“Roman Holiday” (1953): B&W. Directed by William Wyler. Cast: Audrey Hepburn, Gregory Peck. Note: A bored princess runs away, looking for adventure. She falls for an American journalist. Everyday story? No, but this modern fairy tale has oodles of style.

“Sabrina” (1954): B&W. Directed by Billy Wilder. Cast: Audrey Hepburn, Humphrey Bogart, William Holden. Note: A lightweight romantic comedy, but don’t worry about how silly the plot is. With Hepburn’s striking visage lighting up the screen, who cares?

“Seven Beauties” (1975)*: Color. Directed by Lina Wertmüller. Cast: Giancarlo Giannini, Fernando Rey, Shirley Stoler. Note: Caught in a war, what, if anything, will captives refuse to do, if they want to survive? This drama/black comedy takes you there.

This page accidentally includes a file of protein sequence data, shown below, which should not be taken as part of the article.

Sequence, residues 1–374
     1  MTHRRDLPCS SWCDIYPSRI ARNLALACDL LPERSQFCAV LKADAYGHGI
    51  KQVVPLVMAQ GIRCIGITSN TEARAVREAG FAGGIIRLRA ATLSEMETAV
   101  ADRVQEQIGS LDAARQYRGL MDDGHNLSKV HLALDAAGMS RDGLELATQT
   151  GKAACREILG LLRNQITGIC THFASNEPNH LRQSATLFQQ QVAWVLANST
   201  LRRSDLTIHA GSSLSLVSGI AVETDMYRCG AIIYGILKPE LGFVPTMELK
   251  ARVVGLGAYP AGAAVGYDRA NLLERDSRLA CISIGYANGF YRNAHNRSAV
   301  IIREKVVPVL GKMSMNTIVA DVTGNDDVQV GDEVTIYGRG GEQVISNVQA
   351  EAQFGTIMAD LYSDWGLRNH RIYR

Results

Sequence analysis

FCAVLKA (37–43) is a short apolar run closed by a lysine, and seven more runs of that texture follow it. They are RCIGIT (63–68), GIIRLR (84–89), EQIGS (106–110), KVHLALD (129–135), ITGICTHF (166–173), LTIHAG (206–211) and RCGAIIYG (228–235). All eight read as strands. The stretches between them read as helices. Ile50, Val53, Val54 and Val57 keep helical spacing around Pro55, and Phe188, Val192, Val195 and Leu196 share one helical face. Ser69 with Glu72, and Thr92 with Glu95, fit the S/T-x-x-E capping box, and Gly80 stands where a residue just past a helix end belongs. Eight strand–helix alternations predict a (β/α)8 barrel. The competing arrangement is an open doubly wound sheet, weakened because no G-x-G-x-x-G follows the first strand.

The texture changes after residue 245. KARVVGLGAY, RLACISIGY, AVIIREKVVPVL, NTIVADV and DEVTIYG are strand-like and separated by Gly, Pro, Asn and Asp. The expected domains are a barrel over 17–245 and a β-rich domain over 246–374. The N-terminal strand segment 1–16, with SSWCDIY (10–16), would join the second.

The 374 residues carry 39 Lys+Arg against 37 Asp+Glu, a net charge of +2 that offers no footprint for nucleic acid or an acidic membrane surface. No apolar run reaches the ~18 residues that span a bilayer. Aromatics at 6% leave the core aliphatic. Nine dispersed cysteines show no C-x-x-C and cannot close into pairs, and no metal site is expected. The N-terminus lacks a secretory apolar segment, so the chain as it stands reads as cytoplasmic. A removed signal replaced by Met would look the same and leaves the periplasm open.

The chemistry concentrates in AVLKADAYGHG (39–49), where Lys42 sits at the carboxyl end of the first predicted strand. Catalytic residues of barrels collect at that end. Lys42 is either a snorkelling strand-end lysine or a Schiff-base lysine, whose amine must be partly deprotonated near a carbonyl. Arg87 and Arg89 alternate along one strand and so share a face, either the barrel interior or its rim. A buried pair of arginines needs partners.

“The Seven Samurai” (1954): B&W. Directed by Akira Kurosawa. Cast: Takashi Shimura, Toshiro Mifune, Yoshio Inaba. Note: When bandits terrorize a peasant village in 16th century Japan, samurai warriors are recruited to fend them off. An epic ensues.

“Slaughterhouse 5” (1972): Color. Directed by George Roy Hill. Cast: Michael Sachs, Ron Leibman, Valerie Perrine. Note: “Billy Pilgrim has become unstuck in time,” Kurt Vonnegut wrote about his character. In WWII in one minute, on another planet the next.

“Spellbound” (1945): B&W. Directed by Alfred Hitchcock. Cast: Ingrid Bergman, Gregory Peck, Leo G. Carroll. Note: Something is fishy at the mental institution and somebody is covering it up. The spooky dream scenes were designed by Salvador Dali.

“Stagecoach” (1939): B&W. Directed by John Ford. Cast: John Wayne, Claire Trevor, Thomas Mitchell, Andy Devine. Note: With this saga that throws travelers together, to face peril, Ford made a star of Wayne and created a template for all Westerns to follow.